- 4. See above - and even I am getting overwhlemed but all the data out there. Suffice to say the best SSD chipset out there is the Sandforce based - fyi SF1200 is being superceeded by SF1300/1600 this year, so I would hold off making a decision till then.

- 5. that crucial drive you spotted is capable of hitting 350MB/s sec on a Sata3 controller, but you do anything at the same time and the perf dips..

 

I seriously suggest you do what I did..

 

My old array -

 

4* 320GB Seagate ST3320618AS (£125 a year ago)- 450/400MB/s Read/Write with 8ms access times, only issue is ad 8secs to boot times for the array to intialise.

 

new array

 

4* 320GB Samsung HD322GJ (£118 2weeks ago) - 640/600MB/s Read/Write with 5ms acess times, but crucially theses drives are much better than any other mechanical drive in the 512byte - to 4k file sizes. Its not on par with SSD buts its 4x faster than any other mech drive.

 

nuff said.

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Because I like the fence...

 

2. performance over time - The only OS that correctly uses SSD is linux, both W7 and OSX still dont communicated with the SSD (despite being advertised as such)

Win7 doesn't use AHCI by default but will use it if you either enable it via driver or registry, I'd assume most flavors of linux don't default to it either. OSX supports and even has AHCI as a requirement iirc. AHCI is pretty much the standard for using an SSD and expecting any sort of sustained performance.

 

3. SSD have a shorter like span than HDD, even more so if you DONT turn off typical windows services that thrash normal HDD (index, defrag, superfetch, etc etc)

Current ones should last 8-10 years, most are released with a rather large hidden area for remapping later in life (some brands give this as an option) Next gen will last less, failure rates seem to be increasing sharply with the shrinks, but there's not much good data to judge lifespans yet.

 

- 2. - TRIM and GC commands (HDD's do this internally, but SSD's rely on the host OS to do this, how shit is that). Unlike normal HDD's SSD dont delete data marked as deleted which results in loss of perf, and this results in a noticeable drop of in perf over time to the point where the drive has to be rest back to AS NEW format to get the perf back.

TRIM etc is a whole bag of worms on it's own and it's one of the reasons I scratch my head when I see people shopping on capacity. In any case it's largly influenced by the filesystem, ext3/4/ntfs etc seem to be very badly hit by this, but for example trim has a small negative effect on HFS/ZFS and almost no change in UFS (softupdates+journalling)... it's seen as a bit questionable and most likely something that if anything will shorten lifespans more than really necessary. But you can safely assume that after a few months of 'good' use with a lot of writing, you'll want to revert it anyway, TRIM will never be a good solution.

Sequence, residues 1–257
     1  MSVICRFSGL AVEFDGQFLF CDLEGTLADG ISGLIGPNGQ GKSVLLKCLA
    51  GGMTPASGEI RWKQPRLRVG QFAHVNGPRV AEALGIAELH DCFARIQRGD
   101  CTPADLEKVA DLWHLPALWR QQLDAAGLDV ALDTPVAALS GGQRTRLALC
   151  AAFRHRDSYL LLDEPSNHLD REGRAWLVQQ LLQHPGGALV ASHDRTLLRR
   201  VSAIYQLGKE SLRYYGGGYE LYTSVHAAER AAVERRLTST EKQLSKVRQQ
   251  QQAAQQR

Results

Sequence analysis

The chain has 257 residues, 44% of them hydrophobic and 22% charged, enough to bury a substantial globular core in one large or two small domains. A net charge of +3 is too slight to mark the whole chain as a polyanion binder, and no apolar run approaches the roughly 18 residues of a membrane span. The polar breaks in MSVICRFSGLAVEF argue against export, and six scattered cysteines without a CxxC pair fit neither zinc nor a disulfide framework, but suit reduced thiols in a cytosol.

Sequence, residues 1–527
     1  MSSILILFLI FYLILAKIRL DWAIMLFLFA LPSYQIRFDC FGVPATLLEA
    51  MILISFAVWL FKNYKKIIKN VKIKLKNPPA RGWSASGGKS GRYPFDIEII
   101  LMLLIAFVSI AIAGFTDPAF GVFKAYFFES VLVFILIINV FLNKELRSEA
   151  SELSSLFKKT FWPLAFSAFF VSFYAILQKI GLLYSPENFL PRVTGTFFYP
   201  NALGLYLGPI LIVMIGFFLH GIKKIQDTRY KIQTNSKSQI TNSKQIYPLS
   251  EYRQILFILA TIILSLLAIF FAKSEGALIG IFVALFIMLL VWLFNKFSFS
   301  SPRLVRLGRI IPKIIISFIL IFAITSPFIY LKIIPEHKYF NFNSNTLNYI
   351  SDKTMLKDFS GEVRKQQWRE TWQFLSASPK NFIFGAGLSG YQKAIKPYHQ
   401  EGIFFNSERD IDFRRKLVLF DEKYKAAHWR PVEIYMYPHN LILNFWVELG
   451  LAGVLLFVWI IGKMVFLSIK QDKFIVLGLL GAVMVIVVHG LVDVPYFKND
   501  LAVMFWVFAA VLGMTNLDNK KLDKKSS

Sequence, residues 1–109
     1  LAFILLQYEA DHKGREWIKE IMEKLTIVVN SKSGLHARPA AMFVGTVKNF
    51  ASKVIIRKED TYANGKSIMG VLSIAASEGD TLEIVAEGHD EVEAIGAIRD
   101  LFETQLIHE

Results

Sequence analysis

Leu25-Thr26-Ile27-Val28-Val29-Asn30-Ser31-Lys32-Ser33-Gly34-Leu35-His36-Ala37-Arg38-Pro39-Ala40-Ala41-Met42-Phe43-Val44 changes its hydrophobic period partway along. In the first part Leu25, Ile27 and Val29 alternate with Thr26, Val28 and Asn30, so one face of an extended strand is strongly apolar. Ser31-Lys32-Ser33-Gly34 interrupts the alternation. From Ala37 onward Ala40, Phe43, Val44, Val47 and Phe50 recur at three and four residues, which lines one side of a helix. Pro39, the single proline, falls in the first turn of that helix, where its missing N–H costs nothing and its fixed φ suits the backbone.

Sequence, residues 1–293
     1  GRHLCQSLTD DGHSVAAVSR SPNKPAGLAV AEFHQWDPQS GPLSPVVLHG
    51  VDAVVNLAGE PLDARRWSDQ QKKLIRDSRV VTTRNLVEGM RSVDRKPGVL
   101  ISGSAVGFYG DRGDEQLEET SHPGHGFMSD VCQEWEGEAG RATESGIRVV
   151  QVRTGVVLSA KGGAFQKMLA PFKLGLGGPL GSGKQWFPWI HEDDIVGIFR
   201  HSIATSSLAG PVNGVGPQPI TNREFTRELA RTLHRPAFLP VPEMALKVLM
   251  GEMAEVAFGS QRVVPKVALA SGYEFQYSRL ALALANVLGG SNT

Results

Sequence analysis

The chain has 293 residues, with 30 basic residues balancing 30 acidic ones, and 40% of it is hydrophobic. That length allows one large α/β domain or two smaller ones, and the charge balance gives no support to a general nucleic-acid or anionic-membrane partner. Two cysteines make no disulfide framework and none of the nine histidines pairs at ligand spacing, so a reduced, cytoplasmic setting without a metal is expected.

---

 

In the end I don't really understand why people buy SSD's, my system is ancient and snappy as hell, sure doom3 takes FOR FUCKING EVER to load a map, but I also require these breaks to visit the ablution facilities as well as boiling of a kettle (and RttC dependent, make tea). However if you are certain that you want to burn the cash then buy the pretty Intel, but go for something small since you'll know not to fill it up with crap and spend the rest on some cheap Samsung Green's (and build yourself a storage server, hippy. You don't want drives spinning up/down or any power cycling). Alternatively burn it in a holey little can on your desk in the middle of winter, completing your STALKER experience and enriching your life far more than you thought possible.

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  • Win7 doesn't use AHCI by default but will use it if you either enable it via driver or registry, I'd assume most flavors of linux don't default to it either. OSX supports and even has AHCI as a requirement iirc. AHCI is pretty much the standard for using an SSD and expecting any sort of sustained performance.
  • Current ones should last 8-10 years, most are released with a rather large hidden area for remapping later in life (some brands give this as an option) Next gen will last less, failure rates seem to be increasing sharply with the shrinks, but there's not much good data to judge lifespans yet.

 

  • yeah not its not an out the box fix/config, 995 of use4rs wont evne know how to enable this in the bios..
  • And it might say 8-10yrs on the packaging, but I have rarely read about any SSD lasting longer than year or so atm before failing..